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Repurposers, reusers and recyclers are helping our environment one item at a time – and a Lower North Shore Group is leading the charge…


For those who don’t yet know about the Buy/Swap/Sell Facebook Groups popping up for our surburbs, they are a brilliant way to declutter. They’re also a treasure trove for repurposers and upcyclers who have a knack for finding new and clever uses for things. Undoubtedly, one of the best Groups is Lower North Shore (Sydney) FREE Stuff & Low Waste Living, which only lists items that are absolutely free. Created by McMahons Point resident Brenda Lousich six years ago, it’s wildly popular with thousands of local members, and is fulfilling a new and quite incredible role in our community.

“Welcome to the Lower North Shore (Sydney) FREE Stuff Group,” reads the intro. “This page is for those of you wanting to give away and/or acquire free items and save them from landfill. So if you need to declutter and would like to give your old things a new home, this is for you. Also, welcome to those of you who repurpose, recycle and upcycle.” The Group also encourages members to report a ‘kerb alert’, which is when good items are spotted out on a kerb for council clean up.

It was when Brenda was travelling behind a council clean up truck one day, that the idea to create the Group came to her. She was horrified to see perfectly good furniture and household items being crushed. “I thought, ‘Someone could use this stuff!’” she says. Waste is a topic she’s very passionate about, believing it’s one of our community’s main issues. She has made it her mission to encourage people to think more about where our waste ends up. “Especially plastic, and the run-off of garden chemicals during rain, and the wasteful and disposable society we have created,” she says. “Ours is a Facebook page that attempts to address some of this, and it has a strong environmental message. For many members it is a place to offer and claim items no longer needed, to be reused and sometimes repurposed, and most importantly keep items out of landfill”.

Above: Freecyclers are finding clever ways to reuse, recycle and repurpose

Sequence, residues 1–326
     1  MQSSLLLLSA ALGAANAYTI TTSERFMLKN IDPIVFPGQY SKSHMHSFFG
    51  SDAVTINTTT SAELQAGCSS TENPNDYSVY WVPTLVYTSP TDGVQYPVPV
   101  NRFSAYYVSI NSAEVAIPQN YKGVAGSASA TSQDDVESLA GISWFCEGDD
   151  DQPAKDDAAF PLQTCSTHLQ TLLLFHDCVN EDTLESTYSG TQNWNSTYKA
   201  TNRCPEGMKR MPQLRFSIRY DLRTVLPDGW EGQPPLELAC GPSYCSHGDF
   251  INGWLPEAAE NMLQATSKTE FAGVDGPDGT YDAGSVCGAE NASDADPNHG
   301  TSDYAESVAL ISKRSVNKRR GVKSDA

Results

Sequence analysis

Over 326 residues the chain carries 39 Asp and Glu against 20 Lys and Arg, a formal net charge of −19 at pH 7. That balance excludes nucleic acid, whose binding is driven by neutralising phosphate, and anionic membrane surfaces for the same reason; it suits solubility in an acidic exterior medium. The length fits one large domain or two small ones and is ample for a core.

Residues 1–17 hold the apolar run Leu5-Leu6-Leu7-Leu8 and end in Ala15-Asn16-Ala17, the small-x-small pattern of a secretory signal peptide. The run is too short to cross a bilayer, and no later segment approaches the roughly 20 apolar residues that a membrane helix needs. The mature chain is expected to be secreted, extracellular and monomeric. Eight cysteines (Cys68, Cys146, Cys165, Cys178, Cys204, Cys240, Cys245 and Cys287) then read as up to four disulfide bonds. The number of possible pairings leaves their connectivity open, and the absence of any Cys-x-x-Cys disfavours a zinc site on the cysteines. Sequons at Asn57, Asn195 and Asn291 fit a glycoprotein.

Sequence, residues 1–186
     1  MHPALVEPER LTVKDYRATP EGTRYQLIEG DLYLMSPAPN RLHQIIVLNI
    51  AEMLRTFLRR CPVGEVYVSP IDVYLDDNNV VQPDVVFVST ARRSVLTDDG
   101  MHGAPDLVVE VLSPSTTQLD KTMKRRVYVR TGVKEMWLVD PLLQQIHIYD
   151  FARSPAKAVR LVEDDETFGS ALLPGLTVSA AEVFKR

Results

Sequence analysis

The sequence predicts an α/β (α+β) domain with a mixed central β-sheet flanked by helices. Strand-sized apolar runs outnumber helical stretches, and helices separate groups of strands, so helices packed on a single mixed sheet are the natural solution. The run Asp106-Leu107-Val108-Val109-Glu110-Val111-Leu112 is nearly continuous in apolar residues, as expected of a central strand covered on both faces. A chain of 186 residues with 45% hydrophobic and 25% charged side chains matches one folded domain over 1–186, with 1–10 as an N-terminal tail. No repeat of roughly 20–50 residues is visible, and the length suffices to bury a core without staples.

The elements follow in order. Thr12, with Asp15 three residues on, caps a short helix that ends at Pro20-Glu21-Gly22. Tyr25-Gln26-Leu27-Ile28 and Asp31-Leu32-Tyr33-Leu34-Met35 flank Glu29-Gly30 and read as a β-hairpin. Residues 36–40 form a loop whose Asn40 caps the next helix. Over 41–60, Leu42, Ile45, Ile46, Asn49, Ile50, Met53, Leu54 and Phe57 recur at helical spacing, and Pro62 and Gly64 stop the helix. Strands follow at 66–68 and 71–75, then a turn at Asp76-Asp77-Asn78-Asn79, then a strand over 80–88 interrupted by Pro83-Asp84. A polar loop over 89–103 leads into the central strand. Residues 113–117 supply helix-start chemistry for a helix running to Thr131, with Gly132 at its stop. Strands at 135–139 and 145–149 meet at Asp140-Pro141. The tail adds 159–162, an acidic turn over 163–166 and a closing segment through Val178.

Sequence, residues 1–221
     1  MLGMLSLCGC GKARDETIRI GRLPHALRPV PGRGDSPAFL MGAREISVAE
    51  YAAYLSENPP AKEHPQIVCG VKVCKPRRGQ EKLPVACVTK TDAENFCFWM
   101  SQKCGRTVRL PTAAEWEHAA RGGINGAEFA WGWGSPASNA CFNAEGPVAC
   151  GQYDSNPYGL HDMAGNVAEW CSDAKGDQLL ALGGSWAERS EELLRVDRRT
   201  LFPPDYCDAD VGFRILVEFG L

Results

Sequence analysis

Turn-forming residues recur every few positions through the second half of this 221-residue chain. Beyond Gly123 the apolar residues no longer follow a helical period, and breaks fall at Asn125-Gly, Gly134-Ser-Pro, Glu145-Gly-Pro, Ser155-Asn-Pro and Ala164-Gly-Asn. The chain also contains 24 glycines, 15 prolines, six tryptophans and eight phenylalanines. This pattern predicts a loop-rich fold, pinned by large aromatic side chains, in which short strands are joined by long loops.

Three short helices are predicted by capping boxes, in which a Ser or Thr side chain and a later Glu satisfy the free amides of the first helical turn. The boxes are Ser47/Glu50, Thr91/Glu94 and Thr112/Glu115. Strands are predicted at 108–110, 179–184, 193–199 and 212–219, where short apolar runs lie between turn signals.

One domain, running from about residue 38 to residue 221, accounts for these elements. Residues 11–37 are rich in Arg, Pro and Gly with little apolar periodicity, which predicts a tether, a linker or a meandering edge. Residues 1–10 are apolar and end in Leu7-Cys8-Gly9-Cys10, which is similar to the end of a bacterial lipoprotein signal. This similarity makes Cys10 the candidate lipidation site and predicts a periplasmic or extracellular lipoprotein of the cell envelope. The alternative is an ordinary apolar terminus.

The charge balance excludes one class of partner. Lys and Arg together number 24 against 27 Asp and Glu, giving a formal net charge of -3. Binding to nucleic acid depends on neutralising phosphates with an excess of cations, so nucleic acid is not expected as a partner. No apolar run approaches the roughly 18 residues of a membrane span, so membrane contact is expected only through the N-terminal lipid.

Having a read through the various posts on their page it’s obvious that the Group is doing much more than just cleverly upcycling free items. There are great environmental tips, requests from members to borrow items, some people are collecting craft items like bottle tops for a kindergarten or preschool, and then there are the posts requesting items for members of our community who are really struggling and in need of things they just can’t afford. For the record these usually bring the fastest and most responses.

According to Brenda it’s facilitating these examples of community kindness that are one of the best parts of her job. “As a Group the members helped a bunch of young people completely deck out their first share house with furnishings and kitchen stuff. One lovely story was when a member was attending her brother’s funeral and needed a particular coloured scarf to wear. Another very kind member stepped in and helped. People sometimes give flowers or little gifts as a thank you for generous gestures. We have also helped vulnerable members get the things they need but may not be able to afford. Our members are a generous, kind and compassionate bunch.”

Above: Group creator Brenda Lousich (Photo: Kirsten Delaney)

Brenda says she finds the Group very useful herself and regularly picks up some great free items. “But I do it because I feel strongly about getting the message across that we can take better care of our environment and, in turn, ourselves,” she says. While saving the planet is a serious business, there are also daily surprises and funny moments provided by what people post. “The quickest item ever to be claimed was a Louis Vuitton handbag given to a member by an ex and she wanted shot of it!” laughs Brenda.

The workload is a few hours each and every day. “Luckily I also have our Admins who do an awesome job helping me keep it in order.” Like Brenda, they volunteer their time because they’re passionate about the Group. It’s not all smooth sailing though, or smooth transactions. Posts have to go up from Admin regularly asking members to please follow through if they have claimed an item, as many say ‘sold’ and then never collect. Also, communication across social media can sometimes go wrong. “Myself and my wonderful Admins are sometimes asked to step in and help if transactions go awry,” says Brenda.

While some people are sceptical of technology and Facebook Groups in general, there’s something really wonderful about how this new social media platform is assisting communities to connect in an old-fashioned way, and to ‘pass it on’ when it comes to unwanted items. Brenda agrees Facebook Groups are a good thing as long as they’re being used correctly. “If they are doing good, and spreading positive and supportive messages, then they have succeeded in bringing people together,” she says. “We’re all human, we need to be kind to each other and have a bit of fun in the process. I would encourage everyone to join community-based Groups as real-life friendships and relationships can grow from them and flourish, and create a sense of community in the process. This may help with other issues such as forging a community where we care for each other and realise we are far more important than material goods.”